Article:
We are very lucky indeed that so many people within the removals industry are prepared to give up their valuable time and money to restore vehicles used in the trade from days gone by. This month’s story is no exception as we are delighted to publish a story about a truck that isn’t a conventional pantechnicon, but no less important for many – an articulated cab used for many years by Britannia Appleyards of South Yorkshire, pulling trailers for its living.
This lovingly restored Volvo F10 articulated cab unit belongs to David Appleyard. It was first registered on 6th November 1990 with registration number H 259 SDT and cost the princely sum of £28,000 new. It was fitted very early in its life with a fold out platform for tranship duties in Europe if needed.
This is a very family orientated company, established in the late 1800’s in Conisbrough by the great, great grandfather of the current directors. They say that their Sunday dinners are more like board meetings!
David said ‘This was our very first artic and was used on European work week in week out. The truck was retired from service in 2003 and parked away in the corner of the yard but brought back to life in our workshops by our fulltime fitter Trevor Kersey in 2015. The truck has covered an estimated 800,000 km up to now.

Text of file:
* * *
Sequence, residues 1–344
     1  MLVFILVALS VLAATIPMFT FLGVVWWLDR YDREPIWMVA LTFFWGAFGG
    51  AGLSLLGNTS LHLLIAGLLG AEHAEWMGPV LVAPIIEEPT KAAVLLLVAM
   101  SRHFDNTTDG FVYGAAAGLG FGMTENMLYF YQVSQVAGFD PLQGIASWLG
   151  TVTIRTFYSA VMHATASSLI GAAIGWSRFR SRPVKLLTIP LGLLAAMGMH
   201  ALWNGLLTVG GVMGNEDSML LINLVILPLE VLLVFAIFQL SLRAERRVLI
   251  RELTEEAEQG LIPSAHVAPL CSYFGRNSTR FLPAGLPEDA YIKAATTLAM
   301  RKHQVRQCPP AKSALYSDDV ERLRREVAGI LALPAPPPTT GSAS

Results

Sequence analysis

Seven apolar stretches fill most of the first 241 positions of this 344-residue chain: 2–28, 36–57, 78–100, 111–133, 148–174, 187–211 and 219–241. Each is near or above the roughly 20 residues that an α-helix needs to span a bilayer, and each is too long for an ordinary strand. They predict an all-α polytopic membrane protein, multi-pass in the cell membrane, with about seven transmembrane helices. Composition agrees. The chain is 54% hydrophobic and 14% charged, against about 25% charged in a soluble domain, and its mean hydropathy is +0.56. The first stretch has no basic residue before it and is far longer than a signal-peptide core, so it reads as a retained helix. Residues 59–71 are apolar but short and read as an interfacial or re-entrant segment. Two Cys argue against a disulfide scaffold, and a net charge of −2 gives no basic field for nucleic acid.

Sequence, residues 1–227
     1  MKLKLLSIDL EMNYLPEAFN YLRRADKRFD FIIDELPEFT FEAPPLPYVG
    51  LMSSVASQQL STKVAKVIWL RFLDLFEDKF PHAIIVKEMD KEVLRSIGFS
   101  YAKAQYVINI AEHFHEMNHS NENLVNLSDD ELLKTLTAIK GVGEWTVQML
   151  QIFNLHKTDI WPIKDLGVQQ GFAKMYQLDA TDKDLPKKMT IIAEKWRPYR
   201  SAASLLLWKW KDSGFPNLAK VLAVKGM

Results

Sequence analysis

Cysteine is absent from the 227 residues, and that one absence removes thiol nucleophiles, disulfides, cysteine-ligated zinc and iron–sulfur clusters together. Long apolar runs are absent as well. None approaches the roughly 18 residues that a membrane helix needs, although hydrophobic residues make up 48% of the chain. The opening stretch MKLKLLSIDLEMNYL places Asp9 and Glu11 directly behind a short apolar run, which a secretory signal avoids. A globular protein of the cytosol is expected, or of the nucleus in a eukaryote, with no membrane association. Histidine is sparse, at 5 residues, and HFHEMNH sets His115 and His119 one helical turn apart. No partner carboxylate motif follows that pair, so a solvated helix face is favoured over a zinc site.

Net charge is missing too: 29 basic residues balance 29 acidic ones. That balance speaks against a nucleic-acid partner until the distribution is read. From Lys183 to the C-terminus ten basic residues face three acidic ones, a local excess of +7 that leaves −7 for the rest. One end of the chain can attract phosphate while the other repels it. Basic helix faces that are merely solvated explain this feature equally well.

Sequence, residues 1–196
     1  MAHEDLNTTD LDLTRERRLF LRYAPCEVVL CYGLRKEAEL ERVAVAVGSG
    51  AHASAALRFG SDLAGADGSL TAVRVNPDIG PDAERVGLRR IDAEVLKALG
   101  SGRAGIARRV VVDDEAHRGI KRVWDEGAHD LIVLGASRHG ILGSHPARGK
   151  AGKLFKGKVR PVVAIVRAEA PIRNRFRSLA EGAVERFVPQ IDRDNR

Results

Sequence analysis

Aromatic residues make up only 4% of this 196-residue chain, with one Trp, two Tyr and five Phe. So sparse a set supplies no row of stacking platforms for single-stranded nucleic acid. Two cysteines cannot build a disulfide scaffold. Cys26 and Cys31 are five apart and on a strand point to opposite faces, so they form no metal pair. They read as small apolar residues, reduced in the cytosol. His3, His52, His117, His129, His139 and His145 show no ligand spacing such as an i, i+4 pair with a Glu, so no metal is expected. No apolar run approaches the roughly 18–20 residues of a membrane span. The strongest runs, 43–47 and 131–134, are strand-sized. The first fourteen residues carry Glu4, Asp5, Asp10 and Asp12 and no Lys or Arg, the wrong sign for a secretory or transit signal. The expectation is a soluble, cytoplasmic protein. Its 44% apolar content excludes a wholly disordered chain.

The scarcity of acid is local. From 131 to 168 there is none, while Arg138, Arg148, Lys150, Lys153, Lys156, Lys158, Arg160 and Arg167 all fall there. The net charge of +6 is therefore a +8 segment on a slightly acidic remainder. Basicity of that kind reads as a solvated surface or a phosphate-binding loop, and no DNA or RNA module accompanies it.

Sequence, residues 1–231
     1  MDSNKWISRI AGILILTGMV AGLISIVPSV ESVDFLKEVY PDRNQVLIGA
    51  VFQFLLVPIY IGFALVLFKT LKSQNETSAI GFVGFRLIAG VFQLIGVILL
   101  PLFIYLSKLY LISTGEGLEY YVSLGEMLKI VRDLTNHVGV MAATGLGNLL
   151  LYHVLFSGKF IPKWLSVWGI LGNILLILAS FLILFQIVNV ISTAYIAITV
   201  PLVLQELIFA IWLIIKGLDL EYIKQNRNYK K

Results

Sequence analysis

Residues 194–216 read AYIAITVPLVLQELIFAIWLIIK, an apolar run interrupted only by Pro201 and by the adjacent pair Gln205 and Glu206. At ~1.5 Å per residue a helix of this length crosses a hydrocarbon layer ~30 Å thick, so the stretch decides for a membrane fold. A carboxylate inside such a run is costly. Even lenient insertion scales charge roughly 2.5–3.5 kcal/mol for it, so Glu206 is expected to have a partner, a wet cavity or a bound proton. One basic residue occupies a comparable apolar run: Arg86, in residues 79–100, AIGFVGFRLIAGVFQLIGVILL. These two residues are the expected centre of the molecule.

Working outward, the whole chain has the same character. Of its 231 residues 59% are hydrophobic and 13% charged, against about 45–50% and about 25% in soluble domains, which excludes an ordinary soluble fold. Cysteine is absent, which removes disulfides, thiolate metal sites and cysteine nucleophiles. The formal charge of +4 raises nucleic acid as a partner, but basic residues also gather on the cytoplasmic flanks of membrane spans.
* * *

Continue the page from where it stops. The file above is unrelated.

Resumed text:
In 2017 she retired for the 2nd time and will no longer pull a trailer on removals, but has helped out a local museum move its fire engines and helps out at Rotary Club events. Its duty is now that of a breakdown vehicle during the week and available for outings on a weekend with myself and my 5 year old.
Over the last few years we have used it for Prom transport, transport for drivers to and from Truckfest at Peterborough and the Retro Truck Show at Gaydon and of course we support local shows wherever possible’.
David went on to say ‘I remember waiting at the end of our street for my dad to arrive in it as it was customary as a kid to go for a ride in any new truck’. On his first outing through Rotherham, my dad managed to flatten many a cone. On day two, he drove it in to the centre of Sheffield to load up for a removal to France’.
‘Now Sheffield is a challenge with a big truck at the best of times, never mind an articulated lorry, and of course they managed to get stuck on a corner because of a parked car. Never to be defeated, the car was lifted on to the pavement by the crew and left there for the owner to deal with on their return’.